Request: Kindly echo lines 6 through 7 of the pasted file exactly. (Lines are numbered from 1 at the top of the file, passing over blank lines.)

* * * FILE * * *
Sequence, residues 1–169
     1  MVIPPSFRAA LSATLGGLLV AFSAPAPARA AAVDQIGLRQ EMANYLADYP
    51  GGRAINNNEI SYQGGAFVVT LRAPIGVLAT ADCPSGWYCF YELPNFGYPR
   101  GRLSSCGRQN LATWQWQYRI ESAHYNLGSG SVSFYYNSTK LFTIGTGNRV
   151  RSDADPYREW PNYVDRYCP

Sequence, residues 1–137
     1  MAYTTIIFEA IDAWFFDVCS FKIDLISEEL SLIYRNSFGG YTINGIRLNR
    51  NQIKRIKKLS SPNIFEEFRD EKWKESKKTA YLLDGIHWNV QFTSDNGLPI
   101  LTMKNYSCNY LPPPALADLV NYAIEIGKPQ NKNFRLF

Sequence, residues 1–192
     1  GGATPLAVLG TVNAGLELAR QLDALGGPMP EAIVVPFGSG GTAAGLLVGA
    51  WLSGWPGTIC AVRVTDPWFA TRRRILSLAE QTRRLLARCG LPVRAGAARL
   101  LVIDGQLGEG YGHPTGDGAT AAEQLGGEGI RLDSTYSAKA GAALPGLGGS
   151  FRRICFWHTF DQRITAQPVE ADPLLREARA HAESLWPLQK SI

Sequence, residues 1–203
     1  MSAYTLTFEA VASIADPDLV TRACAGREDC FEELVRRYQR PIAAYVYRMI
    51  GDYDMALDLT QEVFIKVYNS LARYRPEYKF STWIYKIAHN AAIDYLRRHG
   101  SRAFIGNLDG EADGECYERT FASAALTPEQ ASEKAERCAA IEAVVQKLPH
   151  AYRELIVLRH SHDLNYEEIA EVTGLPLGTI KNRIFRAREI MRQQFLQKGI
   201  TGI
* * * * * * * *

Sequence, residues 1–137
     1  MAYTTIIFEA IDAWFFDVCS FKIDLISEEL SLIYRNSFGG YTINGIRLNR